The quarterly of the University of Helsinki
Eurovision Song Contest 1990 in Zagreb, Yugoslavia. Finland is represented for the first time by a Swedish-language song Fri? by the group BEAT. The expectations were high. Was Finland going to succeed, and would her musician's career finally take off?
No, to both questions. Finland and BEAT came last - luckily with eight, not zero points.
Although the previous year's success, when Anneli Saaristo came seventh, had raised the hopes and expectations of Eurosong fans high, the poor success of the band aroused no more criticism than usual. The last position had, after all, been Finland's five times before.
"Apparently because of the Eurovision experience, however, the record sales never improved. We had worked so hard for so long, and we were growing tired of it all. And soon after the Eurovision Song Contest, we went our separate ways," says Christina M. Krause, Professor of Cognitive Science at the University of Helsinki and former drummer of BEAT.
Five hundred waltzes
Krause's musical pursuits began long before BEAT. As a child she took violin lessons playing classical music. "I played the music from the sheets until I was fifteen or sixteen, but for some reason classical violin never did anything for me. I was playing by heart, not from it."
The joy of playing came to her with the band BEAT which she set up with the other members in her teens. Krause's instruments increased in the band to include the guitar and drums. But why guitar and drums? "Guitar is a very social instrument, you can accompany others or yourself and you can take it anywhere. And we were short of a drummer so I stepped in. The usual story."
BEAT relied on ambitious and accurate four-part vocals. This did not win young people's favour, as it was unfortunately out of fashion in Finland where punk and New Wave were at their height. So for a band to come from a musical as well as linguistic margin, first in 1981 to win the second prize in a national song competition and then nine years later to represent Finland in the Eurovision Song Contest, is a very good achievement.
Krause was seriously thinking of becoming a professional musician. "When I was young I was ready to do any old gig just to earn myself a living playing music. More than once, it was just me and my guitar in the Turku marketplace. And when the new bar culture arrived in Turku and new bars were opened in numbers, we played in them," says Krause. The gigs started late. Sometimes the first set started at one. "After BEAT I played drums in the dance orchestras around the archipelago. I have to admit that the first 500 waltzes were ok, but after that it got a bit heavy," Krause laughs.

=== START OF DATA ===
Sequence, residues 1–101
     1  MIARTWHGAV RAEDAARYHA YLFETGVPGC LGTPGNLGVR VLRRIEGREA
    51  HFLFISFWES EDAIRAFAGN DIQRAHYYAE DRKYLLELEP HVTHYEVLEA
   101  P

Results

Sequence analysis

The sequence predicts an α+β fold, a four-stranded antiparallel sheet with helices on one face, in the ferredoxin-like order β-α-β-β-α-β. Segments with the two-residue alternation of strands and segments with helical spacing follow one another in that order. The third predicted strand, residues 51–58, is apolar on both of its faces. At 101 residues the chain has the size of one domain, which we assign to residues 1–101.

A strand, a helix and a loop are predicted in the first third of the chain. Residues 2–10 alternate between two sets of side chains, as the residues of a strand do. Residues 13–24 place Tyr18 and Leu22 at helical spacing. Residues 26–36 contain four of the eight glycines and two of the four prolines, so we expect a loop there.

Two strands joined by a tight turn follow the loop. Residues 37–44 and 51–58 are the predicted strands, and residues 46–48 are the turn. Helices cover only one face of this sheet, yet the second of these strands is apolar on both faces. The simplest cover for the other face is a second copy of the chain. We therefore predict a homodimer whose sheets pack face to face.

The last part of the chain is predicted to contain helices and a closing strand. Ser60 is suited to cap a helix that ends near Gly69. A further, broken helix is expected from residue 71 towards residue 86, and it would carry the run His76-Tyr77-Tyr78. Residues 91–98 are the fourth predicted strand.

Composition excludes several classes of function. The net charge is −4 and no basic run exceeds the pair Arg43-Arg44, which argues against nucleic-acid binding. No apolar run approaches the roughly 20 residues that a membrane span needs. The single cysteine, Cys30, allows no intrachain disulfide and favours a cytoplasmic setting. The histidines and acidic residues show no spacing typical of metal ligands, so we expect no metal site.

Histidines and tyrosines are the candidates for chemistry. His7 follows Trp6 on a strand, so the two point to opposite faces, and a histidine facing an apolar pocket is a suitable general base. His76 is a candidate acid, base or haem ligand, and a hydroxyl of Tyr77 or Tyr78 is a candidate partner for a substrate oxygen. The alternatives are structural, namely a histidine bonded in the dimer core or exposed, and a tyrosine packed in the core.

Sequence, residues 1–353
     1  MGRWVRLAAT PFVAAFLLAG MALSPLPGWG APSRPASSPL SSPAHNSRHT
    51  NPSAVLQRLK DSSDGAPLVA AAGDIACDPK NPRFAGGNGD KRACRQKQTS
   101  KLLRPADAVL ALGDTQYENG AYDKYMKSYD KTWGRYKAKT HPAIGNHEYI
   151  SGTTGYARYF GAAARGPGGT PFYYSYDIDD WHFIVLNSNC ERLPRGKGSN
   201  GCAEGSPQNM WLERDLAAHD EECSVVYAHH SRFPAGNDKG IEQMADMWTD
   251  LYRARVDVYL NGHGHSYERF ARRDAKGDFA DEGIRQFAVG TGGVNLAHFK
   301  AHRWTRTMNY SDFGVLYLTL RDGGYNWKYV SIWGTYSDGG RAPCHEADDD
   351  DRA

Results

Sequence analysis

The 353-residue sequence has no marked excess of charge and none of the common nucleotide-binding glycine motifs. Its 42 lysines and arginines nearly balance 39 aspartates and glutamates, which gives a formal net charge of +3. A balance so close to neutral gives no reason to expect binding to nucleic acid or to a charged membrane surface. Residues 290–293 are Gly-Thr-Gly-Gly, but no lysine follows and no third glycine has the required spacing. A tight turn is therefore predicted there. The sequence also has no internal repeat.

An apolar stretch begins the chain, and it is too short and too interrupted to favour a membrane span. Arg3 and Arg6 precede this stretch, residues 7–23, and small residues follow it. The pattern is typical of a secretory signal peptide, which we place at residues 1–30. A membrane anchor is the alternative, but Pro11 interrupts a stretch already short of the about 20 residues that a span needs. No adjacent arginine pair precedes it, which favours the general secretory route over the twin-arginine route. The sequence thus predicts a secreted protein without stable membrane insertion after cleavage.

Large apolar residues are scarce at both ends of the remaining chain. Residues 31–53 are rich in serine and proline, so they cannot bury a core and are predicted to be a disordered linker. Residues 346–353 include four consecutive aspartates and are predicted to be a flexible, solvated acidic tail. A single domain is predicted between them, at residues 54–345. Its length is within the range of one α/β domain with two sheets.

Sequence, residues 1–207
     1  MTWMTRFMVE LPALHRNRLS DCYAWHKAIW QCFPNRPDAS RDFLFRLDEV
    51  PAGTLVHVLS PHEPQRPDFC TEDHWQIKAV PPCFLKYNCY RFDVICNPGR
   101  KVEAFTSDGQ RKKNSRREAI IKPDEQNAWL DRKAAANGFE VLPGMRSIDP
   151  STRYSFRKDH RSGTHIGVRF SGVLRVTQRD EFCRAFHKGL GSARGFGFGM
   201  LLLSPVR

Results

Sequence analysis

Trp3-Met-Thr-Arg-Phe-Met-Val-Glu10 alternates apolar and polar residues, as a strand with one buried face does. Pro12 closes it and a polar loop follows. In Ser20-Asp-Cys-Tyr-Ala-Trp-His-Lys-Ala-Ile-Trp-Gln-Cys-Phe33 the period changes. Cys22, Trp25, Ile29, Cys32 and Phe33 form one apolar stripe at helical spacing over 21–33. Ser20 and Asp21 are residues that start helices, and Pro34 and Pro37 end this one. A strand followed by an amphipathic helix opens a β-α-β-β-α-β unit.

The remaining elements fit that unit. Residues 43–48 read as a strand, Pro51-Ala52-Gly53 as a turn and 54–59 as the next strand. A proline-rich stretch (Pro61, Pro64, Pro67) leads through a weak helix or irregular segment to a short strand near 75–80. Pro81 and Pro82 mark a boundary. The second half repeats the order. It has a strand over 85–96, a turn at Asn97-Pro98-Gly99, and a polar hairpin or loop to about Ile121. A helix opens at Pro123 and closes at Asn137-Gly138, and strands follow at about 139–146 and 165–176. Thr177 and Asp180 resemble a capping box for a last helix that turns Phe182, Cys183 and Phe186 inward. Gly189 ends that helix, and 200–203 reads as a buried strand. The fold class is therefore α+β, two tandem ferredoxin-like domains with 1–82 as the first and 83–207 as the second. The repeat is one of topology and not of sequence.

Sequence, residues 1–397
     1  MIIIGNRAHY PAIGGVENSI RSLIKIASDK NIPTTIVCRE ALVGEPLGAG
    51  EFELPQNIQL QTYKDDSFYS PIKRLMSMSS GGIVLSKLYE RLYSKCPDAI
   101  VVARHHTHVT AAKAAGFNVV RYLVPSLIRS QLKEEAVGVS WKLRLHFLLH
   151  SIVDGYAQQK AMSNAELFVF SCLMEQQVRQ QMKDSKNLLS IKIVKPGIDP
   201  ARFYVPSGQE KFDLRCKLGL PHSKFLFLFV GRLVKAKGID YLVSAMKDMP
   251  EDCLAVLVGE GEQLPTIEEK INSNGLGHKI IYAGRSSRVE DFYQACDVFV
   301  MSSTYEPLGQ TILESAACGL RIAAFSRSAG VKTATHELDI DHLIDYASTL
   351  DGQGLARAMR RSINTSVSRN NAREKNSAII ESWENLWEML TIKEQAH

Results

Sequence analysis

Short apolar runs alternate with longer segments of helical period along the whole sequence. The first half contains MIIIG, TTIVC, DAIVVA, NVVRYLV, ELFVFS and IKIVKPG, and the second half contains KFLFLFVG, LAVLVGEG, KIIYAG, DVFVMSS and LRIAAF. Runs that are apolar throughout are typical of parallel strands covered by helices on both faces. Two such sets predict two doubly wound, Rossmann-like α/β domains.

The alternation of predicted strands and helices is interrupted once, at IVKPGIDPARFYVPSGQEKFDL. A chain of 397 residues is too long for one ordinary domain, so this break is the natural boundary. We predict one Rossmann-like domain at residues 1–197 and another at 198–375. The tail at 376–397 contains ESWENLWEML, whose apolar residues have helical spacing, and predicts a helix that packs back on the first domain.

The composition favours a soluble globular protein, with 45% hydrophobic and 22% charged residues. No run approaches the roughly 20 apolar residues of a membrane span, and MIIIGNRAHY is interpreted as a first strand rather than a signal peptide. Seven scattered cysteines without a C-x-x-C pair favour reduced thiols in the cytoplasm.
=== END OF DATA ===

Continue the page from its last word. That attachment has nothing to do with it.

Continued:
Towards cognitive neuroscience
Still in 1997 Krause could squeeze in quite a few gigs with a rock band alongside her studies and research, but got gradually fed up with the constant late nights and feeling tired. And constant waiting, for that is what a musician's life often is. "But I have no regrets. Playing gave me so many different experiences."
At some stage, Krause ended up leading a music therapy group for the mentally handicapped. The job opened up the door to a whole new world, psychology. Krause applied for university, took a Master's degree in four years, and immediately afterwards, received a grant from the Academy of Finland for her doctorate. In 1996, Krause defended her dissertation at Åbo Akademi on the psychophysiology of memory, and that of music, too. The dissertation was awarded the highest grade, laudatur. Krause started as Professor of Cognitive Science in 2002.
"We know very little about the effect music has on the brain. Music is extremely complex as an object of study. For example, the word 'table' means more or less the same thing to everyone. But a fragment of melody can bring to mind completely different things to different people, depending on their musical training or tastes. Individual differences are the challenge for cognitive research." Currently, Krause is studying the biological basis of cognitive processes - memory, remembering different contents and linguistic processes - by measuring the electric activities in the brain.
Krause has abandoned playing almost completely since her move to Helsinki in 2000, when most of her playing mates stayed in Turku. She spends her free time doing weight training and yoga, the latter of which Krause started three years ago. "And if I have time, I still make music on my own with my computer."
Krause occasionally still throws a solo performance with her guitar, and BEAT also gets together for private performances. She is also involved in a country band called Kinos, which does gigs as often as the members, who all have day jobs and families, can.
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